NASA reports that Robonaut 2 began work aboard the International Space Station in mid-March of this year after being given the go-ahead by the crew and ground team. Its assigned task: to check the air flow coming from vents inside the station. This particular job is normally done by the astronauts once every 90 days to ensure the vents haven’t gotten clogged. According to NASA the measurements are sometimes difficult to obtain due to the zero gravity, and because an astronaut’s breath can affect the results.
Recently they published a video of the robot autonomously operating a control panel. It has to recognize the panel’s array of buttons and switches and know how (and when) to interact with each of them. The robot’s forearms have also been modified aboard the station with added heat sinks to allow it to perform longer. These are small but important steps towards the realization of a robot that can perform tasks outside the comfort of the station.
[source: NASA] via [Robots Dreams] via [Engadget]
Back in 2010 DARPA announced the ARM (Autonomous Robotic Manipulation) Program, which has the ambitious goal of solving a number of complex grasping and manipulation challenges. Plastic Pals was one of the first websites to report on this program (read more about ARM’s objectives in our original article here).
The four year program has entered its second phase, having moved from a single-armed robot to a dual-armed version built by RE2 using components by Barrett (7-DOF WAM arms, force-torque sensors in its wrists, and three-fingered hands with pressure sensitivity). The ARM Robot (affectionately called “Robbie” despite the popularity of “Oliver” in an online vote) has a face only a mother could love, containing a BumbleBee2 stereo camera, a Prosilica high resolution camera, an SR4000 Swiss Ranger infrared camera, and microphones.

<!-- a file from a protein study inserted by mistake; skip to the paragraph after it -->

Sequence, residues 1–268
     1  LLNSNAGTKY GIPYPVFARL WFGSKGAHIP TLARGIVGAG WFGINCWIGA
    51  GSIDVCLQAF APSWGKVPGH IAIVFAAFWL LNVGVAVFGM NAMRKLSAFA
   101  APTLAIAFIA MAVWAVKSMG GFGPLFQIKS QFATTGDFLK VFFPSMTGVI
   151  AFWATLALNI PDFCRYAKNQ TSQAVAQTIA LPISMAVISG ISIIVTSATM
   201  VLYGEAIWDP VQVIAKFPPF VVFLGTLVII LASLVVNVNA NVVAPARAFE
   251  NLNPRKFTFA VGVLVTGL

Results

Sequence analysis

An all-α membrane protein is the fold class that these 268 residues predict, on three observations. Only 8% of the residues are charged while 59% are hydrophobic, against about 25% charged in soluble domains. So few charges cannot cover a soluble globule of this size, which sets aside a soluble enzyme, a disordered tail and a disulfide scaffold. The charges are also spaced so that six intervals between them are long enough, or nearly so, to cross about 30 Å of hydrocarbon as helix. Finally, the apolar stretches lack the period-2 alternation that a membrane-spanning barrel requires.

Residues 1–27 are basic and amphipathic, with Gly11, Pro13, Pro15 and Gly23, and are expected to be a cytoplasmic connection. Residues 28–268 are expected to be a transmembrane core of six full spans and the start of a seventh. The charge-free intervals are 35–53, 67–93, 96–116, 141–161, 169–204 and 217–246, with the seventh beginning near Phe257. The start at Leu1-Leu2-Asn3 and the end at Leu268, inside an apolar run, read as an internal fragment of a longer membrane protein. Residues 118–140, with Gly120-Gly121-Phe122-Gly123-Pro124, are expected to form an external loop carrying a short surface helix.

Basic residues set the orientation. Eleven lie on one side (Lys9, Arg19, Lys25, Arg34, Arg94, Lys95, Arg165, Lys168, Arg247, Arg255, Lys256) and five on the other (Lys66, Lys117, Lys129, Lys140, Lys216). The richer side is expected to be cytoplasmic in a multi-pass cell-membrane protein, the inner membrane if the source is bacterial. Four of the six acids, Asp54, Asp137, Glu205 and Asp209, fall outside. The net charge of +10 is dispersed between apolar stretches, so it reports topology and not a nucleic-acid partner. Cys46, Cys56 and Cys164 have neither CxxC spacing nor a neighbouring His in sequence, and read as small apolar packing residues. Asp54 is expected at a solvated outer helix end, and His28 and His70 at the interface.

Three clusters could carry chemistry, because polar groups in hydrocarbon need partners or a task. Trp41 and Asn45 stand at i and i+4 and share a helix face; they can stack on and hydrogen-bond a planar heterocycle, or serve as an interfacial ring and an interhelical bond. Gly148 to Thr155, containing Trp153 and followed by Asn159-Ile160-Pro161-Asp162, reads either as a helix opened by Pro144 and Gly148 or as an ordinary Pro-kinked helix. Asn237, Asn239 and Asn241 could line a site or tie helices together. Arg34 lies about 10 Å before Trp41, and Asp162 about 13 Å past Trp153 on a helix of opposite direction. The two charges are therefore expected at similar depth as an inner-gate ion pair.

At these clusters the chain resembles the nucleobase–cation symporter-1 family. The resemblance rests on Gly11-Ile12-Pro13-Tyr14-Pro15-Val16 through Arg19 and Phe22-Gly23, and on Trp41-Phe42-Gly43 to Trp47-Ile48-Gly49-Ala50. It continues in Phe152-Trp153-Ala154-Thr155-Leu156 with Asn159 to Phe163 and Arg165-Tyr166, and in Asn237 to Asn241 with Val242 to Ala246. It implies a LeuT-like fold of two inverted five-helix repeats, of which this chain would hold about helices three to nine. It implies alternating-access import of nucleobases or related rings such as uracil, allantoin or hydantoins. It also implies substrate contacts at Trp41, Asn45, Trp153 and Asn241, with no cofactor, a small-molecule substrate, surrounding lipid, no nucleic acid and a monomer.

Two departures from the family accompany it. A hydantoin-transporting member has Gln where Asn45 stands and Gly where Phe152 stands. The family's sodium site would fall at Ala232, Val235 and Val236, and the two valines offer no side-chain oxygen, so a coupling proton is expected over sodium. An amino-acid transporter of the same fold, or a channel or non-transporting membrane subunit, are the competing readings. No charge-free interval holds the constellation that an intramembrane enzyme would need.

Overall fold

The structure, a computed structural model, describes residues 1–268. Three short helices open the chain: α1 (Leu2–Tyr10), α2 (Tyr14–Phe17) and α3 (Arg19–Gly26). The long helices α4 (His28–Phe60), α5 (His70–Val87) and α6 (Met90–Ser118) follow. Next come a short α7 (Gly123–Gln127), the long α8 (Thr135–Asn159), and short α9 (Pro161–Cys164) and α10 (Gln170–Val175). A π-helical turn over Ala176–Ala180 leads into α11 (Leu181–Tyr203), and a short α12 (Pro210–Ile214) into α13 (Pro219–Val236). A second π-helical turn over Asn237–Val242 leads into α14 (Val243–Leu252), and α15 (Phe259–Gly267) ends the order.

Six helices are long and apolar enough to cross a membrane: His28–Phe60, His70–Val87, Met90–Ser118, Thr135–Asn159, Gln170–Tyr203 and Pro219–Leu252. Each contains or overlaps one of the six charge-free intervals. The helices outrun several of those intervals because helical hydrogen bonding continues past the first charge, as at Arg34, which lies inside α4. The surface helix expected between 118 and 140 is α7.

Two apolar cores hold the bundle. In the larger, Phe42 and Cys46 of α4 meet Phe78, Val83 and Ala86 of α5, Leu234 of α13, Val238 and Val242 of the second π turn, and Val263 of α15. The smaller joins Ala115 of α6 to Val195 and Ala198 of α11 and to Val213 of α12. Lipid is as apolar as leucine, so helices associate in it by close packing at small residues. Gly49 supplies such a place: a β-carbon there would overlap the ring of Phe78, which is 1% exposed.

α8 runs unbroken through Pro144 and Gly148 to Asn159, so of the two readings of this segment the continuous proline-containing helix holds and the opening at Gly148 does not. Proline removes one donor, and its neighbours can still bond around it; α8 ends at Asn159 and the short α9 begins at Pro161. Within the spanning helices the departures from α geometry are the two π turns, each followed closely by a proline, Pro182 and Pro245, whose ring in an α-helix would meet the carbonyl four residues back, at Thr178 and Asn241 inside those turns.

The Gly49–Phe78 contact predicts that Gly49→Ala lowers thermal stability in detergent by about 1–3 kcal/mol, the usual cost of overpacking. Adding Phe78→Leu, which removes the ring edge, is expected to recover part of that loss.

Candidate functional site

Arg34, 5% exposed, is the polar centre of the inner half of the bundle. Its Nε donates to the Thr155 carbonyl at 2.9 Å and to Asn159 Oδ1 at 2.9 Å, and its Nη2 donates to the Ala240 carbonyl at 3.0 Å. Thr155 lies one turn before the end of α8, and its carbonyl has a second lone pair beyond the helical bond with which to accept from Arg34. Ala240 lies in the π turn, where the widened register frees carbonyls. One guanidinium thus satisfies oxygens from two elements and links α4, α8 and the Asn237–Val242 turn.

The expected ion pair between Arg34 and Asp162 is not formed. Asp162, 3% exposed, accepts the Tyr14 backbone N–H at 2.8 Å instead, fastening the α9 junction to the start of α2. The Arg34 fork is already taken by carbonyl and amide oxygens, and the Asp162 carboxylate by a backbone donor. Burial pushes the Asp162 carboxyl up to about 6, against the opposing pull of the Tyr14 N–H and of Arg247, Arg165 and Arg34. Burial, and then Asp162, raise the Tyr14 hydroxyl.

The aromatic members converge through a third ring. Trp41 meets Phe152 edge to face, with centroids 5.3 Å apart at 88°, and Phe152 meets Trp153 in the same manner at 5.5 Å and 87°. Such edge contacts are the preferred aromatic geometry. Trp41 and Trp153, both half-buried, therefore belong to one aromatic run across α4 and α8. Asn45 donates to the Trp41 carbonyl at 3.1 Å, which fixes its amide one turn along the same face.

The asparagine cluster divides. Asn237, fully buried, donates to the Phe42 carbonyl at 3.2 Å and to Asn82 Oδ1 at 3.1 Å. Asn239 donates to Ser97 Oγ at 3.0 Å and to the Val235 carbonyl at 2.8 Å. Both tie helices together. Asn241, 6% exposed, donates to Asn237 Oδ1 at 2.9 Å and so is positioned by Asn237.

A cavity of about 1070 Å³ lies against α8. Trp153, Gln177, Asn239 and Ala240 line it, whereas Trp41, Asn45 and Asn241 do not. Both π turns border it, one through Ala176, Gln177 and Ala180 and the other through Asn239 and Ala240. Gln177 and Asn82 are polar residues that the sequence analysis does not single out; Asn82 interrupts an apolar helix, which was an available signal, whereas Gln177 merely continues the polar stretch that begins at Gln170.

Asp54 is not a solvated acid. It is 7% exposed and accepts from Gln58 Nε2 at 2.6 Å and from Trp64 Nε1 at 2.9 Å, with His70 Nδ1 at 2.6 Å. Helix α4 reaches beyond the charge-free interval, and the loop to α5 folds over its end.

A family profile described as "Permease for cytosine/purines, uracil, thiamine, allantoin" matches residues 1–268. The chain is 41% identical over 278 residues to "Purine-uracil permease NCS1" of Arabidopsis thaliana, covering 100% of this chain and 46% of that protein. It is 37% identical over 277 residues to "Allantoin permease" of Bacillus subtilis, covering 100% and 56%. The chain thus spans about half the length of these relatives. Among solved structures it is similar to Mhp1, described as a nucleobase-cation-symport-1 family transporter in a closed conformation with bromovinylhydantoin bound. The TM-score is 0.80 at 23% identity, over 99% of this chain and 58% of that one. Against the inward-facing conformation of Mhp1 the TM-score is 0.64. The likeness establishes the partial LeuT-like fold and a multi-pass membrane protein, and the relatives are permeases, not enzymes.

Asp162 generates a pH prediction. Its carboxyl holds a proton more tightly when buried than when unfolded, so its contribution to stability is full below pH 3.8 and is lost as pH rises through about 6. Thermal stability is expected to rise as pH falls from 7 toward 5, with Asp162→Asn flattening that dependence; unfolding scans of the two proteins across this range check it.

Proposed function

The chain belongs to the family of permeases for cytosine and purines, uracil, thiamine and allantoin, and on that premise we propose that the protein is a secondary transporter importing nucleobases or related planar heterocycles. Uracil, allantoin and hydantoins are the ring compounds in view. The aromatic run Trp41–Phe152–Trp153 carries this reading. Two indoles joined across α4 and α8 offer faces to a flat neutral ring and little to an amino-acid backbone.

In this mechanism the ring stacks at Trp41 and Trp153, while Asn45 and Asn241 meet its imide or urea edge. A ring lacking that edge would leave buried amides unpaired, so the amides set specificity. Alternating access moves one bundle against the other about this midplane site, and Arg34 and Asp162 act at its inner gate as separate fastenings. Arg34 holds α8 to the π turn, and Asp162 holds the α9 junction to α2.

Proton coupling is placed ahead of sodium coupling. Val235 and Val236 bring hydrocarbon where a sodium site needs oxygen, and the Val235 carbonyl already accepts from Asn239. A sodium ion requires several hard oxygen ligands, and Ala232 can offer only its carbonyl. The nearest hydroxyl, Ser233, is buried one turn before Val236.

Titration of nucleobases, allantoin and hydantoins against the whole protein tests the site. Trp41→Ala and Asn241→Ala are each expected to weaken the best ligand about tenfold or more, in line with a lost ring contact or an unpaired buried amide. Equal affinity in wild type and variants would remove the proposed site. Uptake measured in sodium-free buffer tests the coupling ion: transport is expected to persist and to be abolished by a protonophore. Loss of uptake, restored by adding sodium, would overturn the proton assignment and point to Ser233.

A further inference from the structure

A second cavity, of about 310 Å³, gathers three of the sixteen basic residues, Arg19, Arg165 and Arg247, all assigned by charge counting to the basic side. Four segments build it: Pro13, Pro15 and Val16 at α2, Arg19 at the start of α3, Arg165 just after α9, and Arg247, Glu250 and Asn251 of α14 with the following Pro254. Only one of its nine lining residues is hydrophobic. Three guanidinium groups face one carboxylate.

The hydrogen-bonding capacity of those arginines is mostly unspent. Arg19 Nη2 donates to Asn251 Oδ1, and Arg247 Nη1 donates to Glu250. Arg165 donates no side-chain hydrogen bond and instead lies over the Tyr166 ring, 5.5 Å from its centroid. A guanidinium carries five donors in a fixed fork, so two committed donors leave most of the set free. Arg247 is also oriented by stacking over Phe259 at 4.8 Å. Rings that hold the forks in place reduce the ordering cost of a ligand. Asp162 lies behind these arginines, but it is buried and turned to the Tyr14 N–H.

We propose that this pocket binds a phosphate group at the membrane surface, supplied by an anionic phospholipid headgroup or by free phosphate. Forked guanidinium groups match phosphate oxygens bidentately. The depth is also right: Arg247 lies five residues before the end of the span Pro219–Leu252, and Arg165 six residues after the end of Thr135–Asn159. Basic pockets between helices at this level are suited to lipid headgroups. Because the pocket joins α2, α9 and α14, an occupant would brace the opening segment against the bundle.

Its next task will be to change a tire on a small car; whether that means a Mini Cooper or some sort of scale model is unclear. By the end of the program, DARPA hopes the robot will be capable of executing these sorts of tasks autonomously with humans verbally commanding the robot to do what they want. In the original program brief, actions included the unpinning and tossing of a grenade, so things are bound to get exciting. Whether or not DARPA plans to combine these results with those of their other humanoid robotics challenge (which has a similar deadline) is still unknown.
Currently the robot appears to rely on special markers to find and recognize objects, but in the future it won’t have such conveniences. For now, it seems the ARM robot still lags behind other robots as it reinvents the wheel. Take, for example, the similarly named ARMAR-III (developed at the University of Karlsruhe, Germany), which is able to find and grasp a wide assortment of household objects inside of a mock kitchen. It analyzes and solves complex manipulation tasks (e.g. loading and unloading a dishwasher) using its OpenGrasp software toolkit. And unlike the stationary Robbie with its gangly Barrett components, ARMAR-III is fully mobile and has more human-like proportions and hands.
Watch IEEE Spectrum get up close and personal with Robbie in the following video:
[source: ARM Project] via [IEEE Spectrum]